“It doesn’t matter what it looks like,” he said [of the breed]. “It just matters that it runs fast, pulls hard and can survive in brutal climates. To me the Alaskan husky is the most amazing domesticated animal there is. Anything that can run 150 miles in a single day, nine days in a row and just live on raw meat and water is pretty impressive.”
Jim Wilson / New York Times
From Greg Breining’s New York Times piece about a doglsedding in Montana.
Daniel Larison is one of the few conservatives not drinking the kool-aid:
There is a widespread and quite wrong conservative interpretation of the present political moment as being very much like 1993, but where Clinton mistook a repudiation of Bush for an endorsement of an aggressive Democratic agenda it is the GOP that has misread what just happened last year. Most of the right seems to expect a replay of ‘93-’94, and so are sticking to the same tactics that they used then (including the turn to Limbaugh and the return of Gingrich)…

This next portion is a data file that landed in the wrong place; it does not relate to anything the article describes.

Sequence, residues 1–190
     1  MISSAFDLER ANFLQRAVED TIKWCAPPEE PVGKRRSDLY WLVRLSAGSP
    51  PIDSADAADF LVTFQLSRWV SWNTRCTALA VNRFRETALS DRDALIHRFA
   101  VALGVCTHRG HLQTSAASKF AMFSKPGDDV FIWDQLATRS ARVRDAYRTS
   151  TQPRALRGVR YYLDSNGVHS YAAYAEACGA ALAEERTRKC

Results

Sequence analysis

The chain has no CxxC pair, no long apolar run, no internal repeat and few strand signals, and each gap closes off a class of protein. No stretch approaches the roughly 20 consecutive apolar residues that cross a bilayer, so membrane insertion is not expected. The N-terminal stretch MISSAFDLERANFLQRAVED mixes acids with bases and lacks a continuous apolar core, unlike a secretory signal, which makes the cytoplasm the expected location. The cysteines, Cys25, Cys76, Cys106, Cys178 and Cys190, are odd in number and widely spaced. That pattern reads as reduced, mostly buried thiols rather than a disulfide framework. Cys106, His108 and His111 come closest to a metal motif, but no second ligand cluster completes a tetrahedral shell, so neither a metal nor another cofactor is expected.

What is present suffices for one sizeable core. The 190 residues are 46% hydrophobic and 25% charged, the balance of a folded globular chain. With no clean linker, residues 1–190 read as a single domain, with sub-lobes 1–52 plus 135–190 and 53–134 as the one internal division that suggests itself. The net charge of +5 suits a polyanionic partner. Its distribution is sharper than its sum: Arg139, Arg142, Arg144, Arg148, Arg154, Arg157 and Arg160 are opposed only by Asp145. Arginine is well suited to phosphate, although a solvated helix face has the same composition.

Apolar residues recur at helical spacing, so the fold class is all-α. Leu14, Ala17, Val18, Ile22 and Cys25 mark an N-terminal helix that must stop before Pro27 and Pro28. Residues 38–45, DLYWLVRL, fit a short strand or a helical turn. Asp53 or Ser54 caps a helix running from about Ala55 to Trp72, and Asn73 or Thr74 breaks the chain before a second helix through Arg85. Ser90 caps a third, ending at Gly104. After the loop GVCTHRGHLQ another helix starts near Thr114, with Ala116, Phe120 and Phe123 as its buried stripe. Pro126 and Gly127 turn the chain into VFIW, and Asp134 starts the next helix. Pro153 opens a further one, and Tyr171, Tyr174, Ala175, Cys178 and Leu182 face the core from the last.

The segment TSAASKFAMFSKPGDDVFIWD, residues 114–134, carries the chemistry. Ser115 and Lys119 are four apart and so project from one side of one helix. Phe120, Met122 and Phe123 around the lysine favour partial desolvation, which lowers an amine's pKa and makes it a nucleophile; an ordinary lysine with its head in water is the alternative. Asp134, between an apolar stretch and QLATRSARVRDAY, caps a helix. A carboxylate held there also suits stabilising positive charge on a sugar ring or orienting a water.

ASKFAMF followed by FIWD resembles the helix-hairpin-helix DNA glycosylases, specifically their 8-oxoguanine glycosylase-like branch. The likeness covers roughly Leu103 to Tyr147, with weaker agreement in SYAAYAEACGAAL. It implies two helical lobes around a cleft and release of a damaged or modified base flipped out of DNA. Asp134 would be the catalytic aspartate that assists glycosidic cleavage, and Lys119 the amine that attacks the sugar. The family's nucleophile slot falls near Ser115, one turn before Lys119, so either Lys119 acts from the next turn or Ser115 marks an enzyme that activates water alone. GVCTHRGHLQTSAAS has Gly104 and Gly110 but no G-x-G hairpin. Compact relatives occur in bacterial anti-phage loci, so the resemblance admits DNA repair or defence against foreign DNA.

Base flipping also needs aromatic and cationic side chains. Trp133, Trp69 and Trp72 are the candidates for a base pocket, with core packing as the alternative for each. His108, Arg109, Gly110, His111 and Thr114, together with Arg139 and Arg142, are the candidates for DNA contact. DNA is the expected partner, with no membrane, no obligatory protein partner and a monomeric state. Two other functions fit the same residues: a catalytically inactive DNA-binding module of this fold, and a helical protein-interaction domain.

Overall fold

Conservatives seem to have spent the last year rapidly regressing from cheering on lame politicians who could at least intelligently recite their platitudes (Romney) to worshipping pseudo-populists who could not even do that (Palin) to elevating random guys who didn’t like taxes (the Plumber) to rallying around a radio host who makes Romney’s own brand of Reagan nostalgia and three-legs-of-the-stoolism seem deep and meaningful by comparison. Of course, there isn’t that much substantively different between Romney’s opportunistic recitations and Limbaugh’s boilerplate, but at least with Romney you knew that he was capable of saying something else and would have said it if he had thought it was to his advantage. The boilerplate is not only all Limbaugh knows how to say, but if you pressed him to elaborate on any of it he would just repeat himself.